Two Strategies

Choice and the language you use to instruct children prone to defiance are your best friends as they limit the situations where a child has only two options of yes and no. 

Choice

Distracting a child with simple choices can create win-win interactions where they are so preoccupied with choosing the seat they sit in and the colour pen you’ve offered them whether they respond to a topic with a poem, comic strip or comprehension that they are achieving the main objective you want them to. Here are three areas you can provide choice.

How they learn: The learning objectives are the core of the lesson. How they learn them isn’t. If you give a defiant child choice over how they achieve these objectives, there is less room for defiance. For example, let the child choose how they learn facts about a country. They could research online, they could read books from the library, they could watch videoes, they could listen to audio about the country. The only limit is the amount of choice you are willing to prepare.

Where they learn: If you are unable or unwilling to change the task, let them choose the location. Allow them to choose from a variety of locations. Perhaps they want to sit beside a friend. Maybe they want to sit at the teacher’s desk. Could they sit at a table alone? The key is to build the trust that by allowing them this choice, they are agreeing to engage with the task. You are allowing them control over the less important things so you control the most important: what they learn.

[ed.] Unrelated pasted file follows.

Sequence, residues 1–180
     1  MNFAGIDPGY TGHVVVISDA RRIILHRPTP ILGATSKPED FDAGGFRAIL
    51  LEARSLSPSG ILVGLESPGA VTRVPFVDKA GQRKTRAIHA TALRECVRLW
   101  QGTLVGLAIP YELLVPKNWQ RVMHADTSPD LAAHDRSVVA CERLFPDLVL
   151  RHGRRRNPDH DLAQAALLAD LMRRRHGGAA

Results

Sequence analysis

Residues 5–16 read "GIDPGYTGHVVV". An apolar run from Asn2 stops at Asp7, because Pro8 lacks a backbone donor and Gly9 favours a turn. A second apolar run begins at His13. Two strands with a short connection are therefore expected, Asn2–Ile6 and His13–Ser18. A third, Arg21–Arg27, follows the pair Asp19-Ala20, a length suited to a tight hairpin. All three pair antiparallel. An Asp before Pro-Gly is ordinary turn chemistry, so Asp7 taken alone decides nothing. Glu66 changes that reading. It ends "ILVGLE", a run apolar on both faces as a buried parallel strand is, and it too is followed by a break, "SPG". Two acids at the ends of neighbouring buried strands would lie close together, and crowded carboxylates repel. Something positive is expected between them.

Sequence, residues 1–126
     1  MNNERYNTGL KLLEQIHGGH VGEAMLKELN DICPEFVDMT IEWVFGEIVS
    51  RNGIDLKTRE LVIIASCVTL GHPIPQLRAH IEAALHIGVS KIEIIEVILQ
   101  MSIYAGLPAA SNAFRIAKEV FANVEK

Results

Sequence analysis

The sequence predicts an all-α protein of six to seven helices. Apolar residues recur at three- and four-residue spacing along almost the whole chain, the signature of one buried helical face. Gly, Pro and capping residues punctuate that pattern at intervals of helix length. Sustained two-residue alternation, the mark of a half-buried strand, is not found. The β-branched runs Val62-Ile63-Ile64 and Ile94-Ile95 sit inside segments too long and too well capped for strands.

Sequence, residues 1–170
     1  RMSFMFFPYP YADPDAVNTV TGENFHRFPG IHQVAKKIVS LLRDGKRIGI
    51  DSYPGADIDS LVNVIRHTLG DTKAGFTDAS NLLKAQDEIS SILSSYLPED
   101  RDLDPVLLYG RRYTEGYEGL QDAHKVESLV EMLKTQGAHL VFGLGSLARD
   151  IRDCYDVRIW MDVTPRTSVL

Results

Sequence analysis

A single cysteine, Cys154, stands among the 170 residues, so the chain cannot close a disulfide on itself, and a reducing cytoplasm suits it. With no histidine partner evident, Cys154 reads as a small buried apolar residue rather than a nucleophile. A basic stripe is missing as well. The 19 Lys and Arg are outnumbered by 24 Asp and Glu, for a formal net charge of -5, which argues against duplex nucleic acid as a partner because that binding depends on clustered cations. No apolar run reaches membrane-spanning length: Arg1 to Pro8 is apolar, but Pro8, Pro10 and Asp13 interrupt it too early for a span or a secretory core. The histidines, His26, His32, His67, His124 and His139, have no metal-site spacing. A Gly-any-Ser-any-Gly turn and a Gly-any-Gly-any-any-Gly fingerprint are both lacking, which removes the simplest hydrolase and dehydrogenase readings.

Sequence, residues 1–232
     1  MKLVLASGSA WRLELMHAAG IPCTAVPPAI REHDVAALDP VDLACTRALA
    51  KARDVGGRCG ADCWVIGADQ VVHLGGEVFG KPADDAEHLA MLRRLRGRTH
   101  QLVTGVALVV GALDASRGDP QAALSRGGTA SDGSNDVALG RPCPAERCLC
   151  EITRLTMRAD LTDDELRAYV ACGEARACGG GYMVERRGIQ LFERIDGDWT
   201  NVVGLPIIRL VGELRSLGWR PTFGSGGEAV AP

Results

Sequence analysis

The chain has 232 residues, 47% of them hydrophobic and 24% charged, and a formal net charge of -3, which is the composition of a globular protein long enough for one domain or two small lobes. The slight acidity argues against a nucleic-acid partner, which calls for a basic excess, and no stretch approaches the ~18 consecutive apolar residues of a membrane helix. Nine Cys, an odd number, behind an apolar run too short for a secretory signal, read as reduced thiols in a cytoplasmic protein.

What they learn: This can be great for topics such as history where the topic is the Vikings, for example, and you allow them to choose what area they focus on. They could choose from weapons, food, clothes, day-to-day life. You set the framework that they must learn five new facts, but they are controlling what the topic they learn about is within that framework.

Language

The way you “sell” a task is crucial when working with an oppositional child. Everything needs to appear attractive, optional and fun (even if it isn’t). It takes a lot of practice to change the way you instruct a class but it can prevent problems before they arise. I taught a defiant child who would immediately engage in a full tantrum at the instruction of desk work. It was incredibly frustrating as I used to go to huge lengths to ensure the work was fun and within their ability. I overcame this through learning they needed to see some fun on the horizon. I started to preface all deskwork with a question to the general room, “Would anyone like to do P.E (or whatever was deemed fun) today?” to which all the hands would shoot up. I would then follow it with “Ok, we’ll get this quick task completed and then we can head straight down”. That small tweak in language made a huge difference as they saw the light at the end of the tunnel and were fully motivated. If I ever slipped back to direct instruction of desk work, defiance crept back in. Reflecting on and improving how you sell your instructions can improve compliance.